Part of the pleasure of re-reading the ‘People at Work’ books today is that, unlike so many Ladybirds which dealt with fiction, history or Nature – their stated aim was to show children contemporary, urban Britain. But when the contemporary world of 1973 becomes a thing of nostalgia and curiosity, the books begin to work on an entirely different level. Of course, appreciation of them is closely bound up with appreciation John Berry’s remarkable illustrations and all their vivid realism.
In a Big Store, published in 1973, was the last of the series to be produced. (The first – The Policeman – came out in 1962). The ‘Big Store’ pictured on the cover was the long-established and fondly-remembered department store in Kingston-upon-Thames: Bentalls.
At the start of the book, traditional ways of shopping – the family shop and market square – are contrasted with the modern: the big department square. The market square depicted is also Kingston-upon-Thames – just around the corner from the department store. (Today, of course, things have moved on again. The impressive Bentalls frontage still stands proud in the centre of Kingston but is now, I understand, just a facade behind which is situated a large shopping mall).
In the course of researching this piece, I came across this truly lovely pathe’ news clip – about post-war-Bentall’s fightback against deteriorating standards of customer care.
After the introduction, the rest of the book brings us back to the (1973) present-day, looking in more detail at all the different areas involved in the running of one large store – the shop floor, services, warehouse, packing, training, management etc.
So right from the start, the impression is given that that almost all of these scenes of the workings of the shop were based on Bentall’s. I imagined that Berry had perhaps paid a visit to the store and took lots of photographs or perhaps Bentall’s provided Berry with photographs to use (Berry always worked from photographs when he could). But I found out fairly recently that a fair proportion of the reference pictures used to make the book was actually based on Sainsbury’s supermarket – and finding the original reference photos throws an interesting light on the process behind the illustration of a Ladybird book; on John Berry’s skills and approach.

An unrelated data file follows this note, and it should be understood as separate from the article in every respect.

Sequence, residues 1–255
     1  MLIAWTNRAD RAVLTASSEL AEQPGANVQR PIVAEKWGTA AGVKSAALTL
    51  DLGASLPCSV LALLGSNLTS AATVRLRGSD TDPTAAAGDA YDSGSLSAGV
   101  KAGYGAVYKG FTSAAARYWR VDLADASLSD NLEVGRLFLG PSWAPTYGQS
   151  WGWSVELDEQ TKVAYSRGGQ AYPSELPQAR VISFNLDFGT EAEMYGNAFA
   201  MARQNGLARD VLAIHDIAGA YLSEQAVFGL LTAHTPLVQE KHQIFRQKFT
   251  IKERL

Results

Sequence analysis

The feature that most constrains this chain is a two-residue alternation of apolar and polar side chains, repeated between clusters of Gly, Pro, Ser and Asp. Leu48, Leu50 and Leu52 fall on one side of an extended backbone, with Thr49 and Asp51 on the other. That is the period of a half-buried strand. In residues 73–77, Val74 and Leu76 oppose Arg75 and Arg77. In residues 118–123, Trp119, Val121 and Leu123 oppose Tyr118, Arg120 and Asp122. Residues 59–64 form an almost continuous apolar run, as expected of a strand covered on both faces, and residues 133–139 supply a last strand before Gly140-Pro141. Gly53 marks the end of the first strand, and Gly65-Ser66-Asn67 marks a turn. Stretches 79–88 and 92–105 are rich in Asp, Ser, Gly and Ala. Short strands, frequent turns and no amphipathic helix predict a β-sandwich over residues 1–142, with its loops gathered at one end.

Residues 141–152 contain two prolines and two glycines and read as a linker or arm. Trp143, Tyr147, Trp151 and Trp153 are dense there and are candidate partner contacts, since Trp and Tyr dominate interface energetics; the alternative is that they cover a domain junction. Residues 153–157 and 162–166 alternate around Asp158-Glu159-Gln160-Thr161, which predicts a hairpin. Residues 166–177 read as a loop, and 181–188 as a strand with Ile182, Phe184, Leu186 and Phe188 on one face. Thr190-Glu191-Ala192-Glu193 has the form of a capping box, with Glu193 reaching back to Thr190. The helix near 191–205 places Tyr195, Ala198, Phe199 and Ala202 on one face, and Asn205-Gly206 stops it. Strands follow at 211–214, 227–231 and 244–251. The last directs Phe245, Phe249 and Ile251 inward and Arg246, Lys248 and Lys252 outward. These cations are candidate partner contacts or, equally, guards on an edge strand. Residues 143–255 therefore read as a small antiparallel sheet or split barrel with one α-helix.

In 1969 Sainsbury’s was celebrating a big birthday – 100 years of trading – and the produced a book ‘The Story of Sainsbury’s’ to celebrate.
I should add here that I only know this because I saw a tweet about it by Jason Hazeley and he, in turn, heard this from LCCMunicipal.com.
The staff canteen in the ‘Big Store’ is actually the staff canteen at the Ruislip Sainsbury’s – the men at the back are playing darts.
In this picture, the ‘Big Store’ managers’ meeting is actually a picture of the Sainsbury’s weekly design meeting- with John Sainsbury centre. To avoid giving away that this is a supermarket, Berry has adapted the products under discussion. (The scene would have appealed to Berry, with his love of the 17th century Spanish Great Masters. There is something of the feel of dark courtier intrigue in Berry’s effortless portraits).
I think this is my favourite. The funky job-interview scene – once seen, never forgotten – is actually created from a rather dull picture of a staff induction meeting. ( I have to keep reminding myself that the manager – a woman! – does not have an open laptop on her desk).
So it’s thanks to Berry’s imagination that the amazing ‘Mother Christmas’ outfit added a splash of colour to my childhood.